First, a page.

mistakes

What mistakes have you made and learned from?

It would be nice if you could do things perfectly all the time, but nobody is perfect. Whether you like it or not, mistakes are a part of every industry–and that’s actually a good thing. Mistakes are how you know that you are pushing yourself and learning new things, and they present an opportunity to improve the way you run your business. So long as you approach them with the correct attitude, mistakes aren’t a problem at all.

We asked our experts to share some of the things they’ve learned from making mistakes over the years, and their advice for how to react when something goes wrong. They had a lot of recommendations to help you keep a positive attitude, fix the problem as efficiently as possible, and make sure that you do better in the future. Here’s some of their best advice.

Don’t Panic

When you realize you’ve made a mistake, doomsday scenarios will immediately start coursing through your head. It’s human instinct to fear for the worst, and when something goes wrong, you might think you’ll never live it down. But as expert Matthew Kettner reminds us,

“Nobody wants to be remembered by the mistakes that they made in business or life. Most people won’t remember the mistake as much as they will remember how you reacted to it and your coarse of action(s) after the fact.”

Everybody makes mistakes, and most clients and coworkers understand this. They are not going to obsess over your mistakes nearly as much as you are. It’s your response that counts.

Respond Promptly

It is tempting, when you realize you have made a mistake, to hope that nobody will notice if you just don’t say anything. Don’t give in to that temptation! It will only make the mistake worse. Instead, experts Grand View Builders recommend that you

“Address the issue as soon as it is realized: The earlier a problem can be addressed, the easier it will be to resolve. …we always try to address any issue before the situation worsens.”

Ignoring a problem or mistake won’t fix it–instead, your clients are just going to be even more angry when they figure out what happened.

Take Responsibility

Sometimes, a mistake might not even be your fault, and you’ll think it’s unfair that you’re getting blamed for it. Whether the mistake really was your bad or not, though, clients don’t want to hear a bunch of excuses–they want the problem to be fixed. Expert Kerry Ann Dame has plenty of experience with this:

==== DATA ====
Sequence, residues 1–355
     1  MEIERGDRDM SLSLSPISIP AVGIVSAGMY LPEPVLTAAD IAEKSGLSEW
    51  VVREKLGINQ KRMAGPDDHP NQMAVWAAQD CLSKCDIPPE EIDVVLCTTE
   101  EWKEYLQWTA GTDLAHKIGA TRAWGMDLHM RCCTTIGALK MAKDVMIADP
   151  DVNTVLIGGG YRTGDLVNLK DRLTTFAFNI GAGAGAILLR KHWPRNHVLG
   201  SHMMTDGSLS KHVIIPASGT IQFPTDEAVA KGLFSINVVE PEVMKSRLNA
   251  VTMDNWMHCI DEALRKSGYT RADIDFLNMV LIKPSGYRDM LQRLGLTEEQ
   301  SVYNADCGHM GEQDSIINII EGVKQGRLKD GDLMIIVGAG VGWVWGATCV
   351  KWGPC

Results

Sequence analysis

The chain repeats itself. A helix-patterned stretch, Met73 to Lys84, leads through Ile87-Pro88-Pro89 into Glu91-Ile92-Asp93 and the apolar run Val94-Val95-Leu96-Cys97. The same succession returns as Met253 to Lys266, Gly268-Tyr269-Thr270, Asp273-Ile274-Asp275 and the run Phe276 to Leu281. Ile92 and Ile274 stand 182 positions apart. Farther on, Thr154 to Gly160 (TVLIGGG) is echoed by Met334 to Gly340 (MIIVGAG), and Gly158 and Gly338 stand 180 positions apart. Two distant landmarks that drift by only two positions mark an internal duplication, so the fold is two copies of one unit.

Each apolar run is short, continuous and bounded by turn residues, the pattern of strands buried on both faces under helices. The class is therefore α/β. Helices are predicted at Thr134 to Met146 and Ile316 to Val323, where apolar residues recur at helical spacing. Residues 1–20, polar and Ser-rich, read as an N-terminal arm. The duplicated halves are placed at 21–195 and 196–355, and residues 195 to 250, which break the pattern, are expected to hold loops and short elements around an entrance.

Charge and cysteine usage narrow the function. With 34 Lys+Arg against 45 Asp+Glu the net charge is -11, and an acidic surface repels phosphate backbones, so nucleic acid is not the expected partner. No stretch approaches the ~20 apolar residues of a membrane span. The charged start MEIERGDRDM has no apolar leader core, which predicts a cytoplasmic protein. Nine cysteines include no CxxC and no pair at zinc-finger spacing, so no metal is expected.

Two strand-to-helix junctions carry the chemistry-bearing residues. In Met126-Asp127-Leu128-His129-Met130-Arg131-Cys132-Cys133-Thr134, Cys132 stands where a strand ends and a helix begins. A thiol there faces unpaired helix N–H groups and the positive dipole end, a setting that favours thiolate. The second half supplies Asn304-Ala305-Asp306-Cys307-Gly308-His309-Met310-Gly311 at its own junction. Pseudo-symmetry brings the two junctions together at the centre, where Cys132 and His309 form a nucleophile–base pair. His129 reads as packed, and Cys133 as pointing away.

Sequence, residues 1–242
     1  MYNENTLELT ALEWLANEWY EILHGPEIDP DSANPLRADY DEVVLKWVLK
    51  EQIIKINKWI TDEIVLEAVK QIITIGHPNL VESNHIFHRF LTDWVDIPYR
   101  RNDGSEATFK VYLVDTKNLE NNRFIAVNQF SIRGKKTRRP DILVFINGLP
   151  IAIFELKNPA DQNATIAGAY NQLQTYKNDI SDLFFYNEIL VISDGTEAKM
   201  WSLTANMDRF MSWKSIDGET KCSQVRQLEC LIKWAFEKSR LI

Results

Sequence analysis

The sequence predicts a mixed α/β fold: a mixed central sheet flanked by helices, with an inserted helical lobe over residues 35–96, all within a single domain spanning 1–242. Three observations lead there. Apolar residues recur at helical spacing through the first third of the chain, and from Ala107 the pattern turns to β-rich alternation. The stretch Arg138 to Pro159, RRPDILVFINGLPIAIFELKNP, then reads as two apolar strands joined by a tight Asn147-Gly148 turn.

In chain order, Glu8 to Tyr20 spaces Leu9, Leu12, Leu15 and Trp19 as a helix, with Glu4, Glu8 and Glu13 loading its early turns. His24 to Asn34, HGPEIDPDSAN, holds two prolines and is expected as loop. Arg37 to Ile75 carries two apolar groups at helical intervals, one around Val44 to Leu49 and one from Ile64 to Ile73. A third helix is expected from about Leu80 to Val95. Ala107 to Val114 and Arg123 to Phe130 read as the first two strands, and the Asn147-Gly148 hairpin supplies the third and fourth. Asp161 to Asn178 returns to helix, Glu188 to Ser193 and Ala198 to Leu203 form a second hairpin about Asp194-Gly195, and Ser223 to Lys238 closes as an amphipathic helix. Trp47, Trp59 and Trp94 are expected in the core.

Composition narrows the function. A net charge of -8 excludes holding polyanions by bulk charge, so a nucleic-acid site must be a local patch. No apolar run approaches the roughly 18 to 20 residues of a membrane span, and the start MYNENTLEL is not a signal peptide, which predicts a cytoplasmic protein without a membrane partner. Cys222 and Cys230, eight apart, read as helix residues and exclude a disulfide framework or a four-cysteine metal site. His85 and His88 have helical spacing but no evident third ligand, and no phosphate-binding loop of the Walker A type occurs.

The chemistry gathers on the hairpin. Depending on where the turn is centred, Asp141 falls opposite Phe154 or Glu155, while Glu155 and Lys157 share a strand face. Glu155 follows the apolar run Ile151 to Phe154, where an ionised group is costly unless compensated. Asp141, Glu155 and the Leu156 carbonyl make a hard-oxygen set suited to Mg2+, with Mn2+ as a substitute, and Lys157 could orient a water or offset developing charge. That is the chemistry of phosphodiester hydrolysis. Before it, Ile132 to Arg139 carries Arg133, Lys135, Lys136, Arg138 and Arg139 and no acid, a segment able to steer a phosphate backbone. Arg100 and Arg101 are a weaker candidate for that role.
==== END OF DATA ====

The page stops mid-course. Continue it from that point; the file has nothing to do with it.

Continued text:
“Even if the issue is a delay that wasn’t our fault, our relationship with the client is important to us, so we often thank them for their patience with a gift or discount. If one of our tradespeople makes an error that requires more material, we handle it internally so the client never has to deal with the problem.”

Taking responsibility shows your clients that you are committed to them, and not trying to weasel out when things go wrong.

Don’t Repeat Mistakes

Once a mistake has been fixed is when the real learning begins. There’s no point in doing any of the above if you’re just going to repeat the mistake into the future, because then you haven’t learned anything. Repeating mistakes is the only real mistake. Experts 2 Thumbs Up take this idea to the extreme:

“I have about a 4×8 sheet of plywood with all my mistakes listed on it. … It’s nice to refer back to them and reflect on how to either make the system work better or, if not, keep moving forward to correct my attention to the next one. If mistakes aren’t being made … nothing is getting done.”

Mistakes are learning opportunities–don’t flunk the class!

Share Your Experiences

You aren’t the only person who can benefit from your mistakes. Everybody has an apprentice in some form or another, and they’re going to make mistakes, too–but hopefully not the same ones you made. As expert Mark Puglisi reminds us,

“It also is a teaching opportunity if you share the mistake with someone else. Mistakes don’t have to be a negative experience if you turn them around and find the positive in them.”

Passing on your experience so that others don’t have to learn the hard way benefits everybody. That way, everybody can move forward and make new mistakes together!